A Seattle poet’s tribute to Maya Angelou
Maya Angelou stumped for Barack Obama during the 2008 presidential campaign. Credit: Credit: Wikimedia
My laptop currently has four different windows open. Each one to a different video or audio recording of Maya Angelou.
Since hearing of her passing, my social media dashboards have lit up with a vast array of examples of how majestic this artist, activist, intellectual and. dare I say it, Legend is. Or rather was. No, I was correct with “is”, as people everywhere, in light of her passing are beginning just like myself to reflect on her impact on us, and on the world around us. And if you, who happen to be reading this are having a similar experience, you’re recognizing not just the span of Maya Angelou’s reach, but the depth as well.
I was young, likely no more than eight or nine, when my mom introduced me to her all-time favorite poem: “Phenomenal Woman.” At first it seemed too confident, almost conceited, but that was coming from the experiences of a young black boy, and speaks more about my own insecurities (and the limited ideas of women, especially black women I had been spoon-fed) than her words. The poem was perfectly appropriate as a mantra for the self-assured, just not for me. It took age and looking through the lenses of some of her other work for me to fully appreciate the power behind the empowerment that lies at the heart of her work. “Still I Rise,” an anthem of uplift, gave me that necessary poetic booster seat.
As I write this, I have to be honest, my instinct is to stop writing and just listen…to her, Maya Angelou.
Maya Angelou, who didn’t consider herself wise, but “in root.” She saw herself as connected, to the past – the earth she was metaphorically planted in – but also to the young leaves sprouting. She chose not to look down upon those who came after but to look up at us, with love, to recognize the nutrients of experience and courage and love that she had within her to pass on. Griot that she was, she seemed to delight in this burden. Though, I doubt highly that she would have ever called it a burden.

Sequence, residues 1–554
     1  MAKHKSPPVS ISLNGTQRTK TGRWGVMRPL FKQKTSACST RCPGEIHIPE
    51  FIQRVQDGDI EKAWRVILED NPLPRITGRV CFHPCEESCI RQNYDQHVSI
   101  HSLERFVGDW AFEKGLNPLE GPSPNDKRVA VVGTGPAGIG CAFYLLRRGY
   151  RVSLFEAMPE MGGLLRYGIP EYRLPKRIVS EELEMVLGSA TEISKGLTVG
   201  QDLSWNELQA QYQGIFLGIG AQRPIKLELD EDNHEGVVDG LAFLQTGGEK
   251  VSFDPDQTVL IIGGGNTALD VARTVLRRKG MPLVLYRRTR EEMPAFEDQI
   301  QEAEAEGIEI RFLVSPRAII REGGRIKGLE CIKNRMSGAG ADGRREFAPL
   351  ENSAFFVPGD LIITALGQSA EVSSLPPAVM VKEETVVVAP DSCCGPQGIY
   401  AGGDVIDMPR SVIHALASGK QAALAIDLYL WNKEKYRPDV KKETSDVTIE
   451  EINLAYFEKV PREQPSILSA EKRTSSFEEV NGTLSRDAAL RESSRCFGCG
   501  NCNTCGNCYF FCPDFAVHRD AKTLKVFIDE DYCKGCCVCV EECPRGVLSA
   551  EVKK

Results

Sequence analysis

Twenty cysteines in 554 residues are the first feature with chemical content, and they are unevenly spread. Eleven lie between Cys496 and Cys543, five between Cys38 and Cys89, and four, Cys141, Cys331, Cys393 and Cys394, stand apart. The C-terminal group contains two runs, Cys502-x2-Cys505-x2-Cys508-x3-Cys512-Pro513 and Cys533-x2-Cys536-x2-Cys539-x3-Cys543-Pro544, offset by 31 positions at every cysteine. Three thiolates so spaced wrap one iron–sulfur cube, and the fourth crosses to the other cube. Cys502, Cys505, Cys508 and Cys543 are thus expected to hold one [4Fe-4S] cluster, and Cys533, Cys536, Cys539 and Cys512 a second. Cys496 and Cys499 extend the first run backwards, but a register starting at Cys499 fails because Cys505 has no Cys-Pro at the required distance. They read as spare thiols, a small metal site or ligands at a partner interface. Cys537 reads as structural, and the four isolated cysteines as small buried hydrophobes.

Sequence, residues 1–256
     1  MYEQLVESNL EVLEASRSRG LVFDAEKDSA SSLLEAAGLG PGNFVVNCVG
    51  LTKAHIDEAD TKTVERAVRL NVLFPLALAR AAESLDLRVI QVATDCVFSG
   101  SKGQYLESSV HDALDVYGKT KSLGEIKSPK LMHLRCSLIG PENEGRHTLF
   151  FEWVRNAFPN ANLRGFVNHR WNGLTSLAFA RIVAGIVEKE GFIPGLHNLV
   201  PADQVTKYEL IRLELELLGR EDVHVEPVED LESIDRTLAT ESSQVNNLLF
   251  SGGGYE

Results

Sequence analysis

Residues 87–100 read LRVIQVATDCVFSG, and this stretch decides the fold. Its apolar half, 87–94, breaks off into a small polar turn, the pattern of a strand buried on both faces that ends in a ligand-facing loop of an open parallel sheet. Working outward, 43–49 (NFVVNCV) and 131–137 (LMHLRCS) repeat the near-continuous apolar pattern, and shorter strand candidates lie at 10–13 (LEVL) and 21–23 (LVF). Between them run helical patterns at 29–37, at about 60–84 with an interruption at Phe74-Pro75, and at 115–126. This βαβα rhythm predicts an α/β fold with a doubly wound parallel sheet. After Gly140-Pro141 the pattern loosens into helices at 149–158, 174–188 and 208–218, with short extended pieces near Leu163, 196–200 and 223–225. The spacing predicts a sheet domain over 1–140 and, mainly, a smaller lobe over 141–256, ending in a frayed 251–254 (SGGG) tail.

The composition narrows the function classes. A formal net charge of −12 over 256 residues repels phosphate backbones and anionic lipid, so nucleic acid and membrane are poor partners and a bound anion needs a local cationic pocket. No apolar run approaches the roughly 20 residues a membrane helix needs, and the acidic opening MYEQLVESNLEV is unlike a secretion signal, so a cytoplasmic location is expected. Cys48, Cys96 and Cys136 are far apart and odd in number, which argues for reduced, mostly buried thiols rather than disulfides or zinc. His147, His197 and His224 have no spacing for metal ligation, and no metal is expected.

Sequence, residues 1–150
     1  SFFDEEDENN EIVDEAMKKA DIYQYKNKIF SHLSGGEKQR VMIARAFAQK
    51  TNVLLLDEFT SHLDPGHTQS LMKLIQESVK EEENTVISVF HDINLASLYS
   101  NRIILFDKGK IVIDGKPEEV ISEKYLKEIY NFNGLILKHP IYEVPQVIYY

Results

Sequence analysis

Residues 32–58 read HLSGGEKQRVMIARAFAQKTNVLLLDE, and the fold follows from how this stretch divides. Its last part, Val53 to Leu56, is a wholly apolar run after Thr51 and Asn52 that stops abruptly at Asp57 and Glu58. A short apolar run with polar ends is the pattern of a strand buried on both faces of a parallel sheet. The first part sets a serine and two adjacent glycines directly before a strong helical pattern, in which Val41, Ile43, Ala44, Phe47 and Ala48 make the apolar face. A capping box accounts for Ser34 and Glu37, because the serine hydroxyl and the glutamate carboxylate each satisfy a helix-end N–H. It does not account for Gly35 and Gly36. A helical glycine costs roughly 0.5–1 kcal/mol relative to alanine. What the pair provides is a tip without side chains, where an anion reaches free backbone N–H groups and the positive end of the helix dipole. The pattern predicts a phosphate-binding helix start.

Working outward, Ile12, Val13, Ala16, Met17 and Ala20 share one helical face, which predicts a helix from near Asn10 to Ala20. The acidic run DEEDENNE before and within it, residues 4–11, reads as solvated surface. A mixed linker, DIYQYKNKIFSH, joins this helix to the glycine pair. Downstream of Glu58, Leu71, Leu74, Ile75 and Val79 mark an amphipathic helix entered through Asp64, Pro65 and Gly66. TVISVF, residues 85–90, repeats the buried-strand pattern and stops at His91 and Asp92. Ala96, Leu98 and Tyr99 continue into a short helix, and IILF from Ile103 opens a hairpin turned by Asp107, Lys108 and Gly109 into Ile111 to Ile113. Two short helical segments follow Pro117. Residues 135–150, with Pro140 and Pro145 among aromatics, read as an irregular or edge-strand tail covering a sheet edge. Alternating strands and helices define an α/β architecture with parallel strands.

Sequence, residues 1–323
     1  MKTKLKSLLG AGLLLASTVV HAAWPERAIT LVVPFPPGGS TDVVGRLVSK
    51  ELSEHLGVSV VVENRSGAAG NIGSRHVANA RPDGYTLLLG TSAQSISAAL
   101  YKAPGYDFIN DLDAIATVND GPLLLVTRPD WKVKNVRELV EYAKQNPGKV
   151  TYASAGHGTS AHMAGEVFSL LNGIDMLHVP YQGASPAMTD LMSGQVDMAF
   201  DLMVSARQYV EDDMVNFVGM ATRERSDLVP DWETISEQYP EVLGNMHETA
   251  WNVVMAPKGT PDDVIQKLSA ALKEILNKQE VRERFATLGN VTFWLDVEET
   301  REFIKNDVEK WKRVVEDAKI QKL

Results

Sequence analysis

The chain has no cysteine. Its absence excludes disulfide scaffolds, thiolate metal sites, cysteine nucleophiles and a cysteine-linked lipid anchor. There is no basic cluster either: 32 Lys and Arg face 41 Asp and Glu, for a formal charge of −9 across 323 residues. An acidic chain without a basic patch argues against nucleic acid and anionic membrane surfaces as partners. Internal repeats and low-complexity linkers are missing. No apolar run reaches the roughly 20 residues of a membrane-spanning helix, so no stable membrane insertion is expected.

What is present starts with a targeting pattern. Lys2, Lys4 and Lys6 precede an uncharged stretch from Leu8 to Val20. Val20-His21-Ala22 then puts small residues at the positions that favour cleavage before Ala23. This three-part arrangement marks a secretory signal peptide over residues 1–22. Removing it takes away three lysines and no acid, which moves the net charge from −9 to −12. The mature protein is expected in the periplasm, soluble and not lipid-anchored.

“A person who’s well raised knows to respect the elders. That doesn’t mean you have to agree even a little bit with what the elder says, but you respect the elder…for surviving.”
Maya Angelou, whose autobiography “I Know Why the Caged Bird Sings,” laid the path for other writers such as Alice Walker and Toni Morrison. The title has become a common phrase and metaphor — even amongst those who do not know her name or haven’t read the book — for fighting in spite of the limitations placed upon us, for recognizing the ways in which we can fight, even when we feel, or literally are, boxed in.
Maya Angelou, whose iconic writing may only have been rivaled by the aural power of her voice, which thousands upon thousands of us have come to know, and be comforted by, with its sass and playfulness balanced by a deep and rhythmic tone that speaks to a “knowing” that extends back centuries and is indicative of a true and worthy elder.
Maya Angelou, the revolutionary at the forefront of the Civil Rights movement who still, after all the tragedies to follow, had enough light within to look forward, to push forward, and spoke vehemently of the necessity to keep doing so. Why? Love. At the heart of everything she said and did, love.
“Love is a condition so powerful, it may be what keeps the stars in the firmament. It may be that which urges and pushes the blood in the veins. It takes courage to love someone, because you risk everything. Everything.”
And now, a poem in honor of Maya Angelou.
When She Rose
when she wasn't your momma, but taught your momma to sing,
when she gave the peacock plumage,
when she danced the power in a standing curve,
when she breathed into the ember to stoke the fire in the eyes,
when she smiled the honey in the hive,
when she coaxed the page to turn and convinced you holy,
when she showed you the bend of words, the hanging of truth
in our mouths,
in the books,
from the trees
when she was breath and memory in song,
and her very steps granted lighter shadows,
when she reminded and reminded and reminded
who we are, where we've been, what we carry
when her name was an invocation —
an invitation to stillness,
when she rose
— Daemond Arrindell
Photo of Maya Angelou speaking on behalf of Barack Obama during the 2008 presidential campaign courtesy of Wikipedia.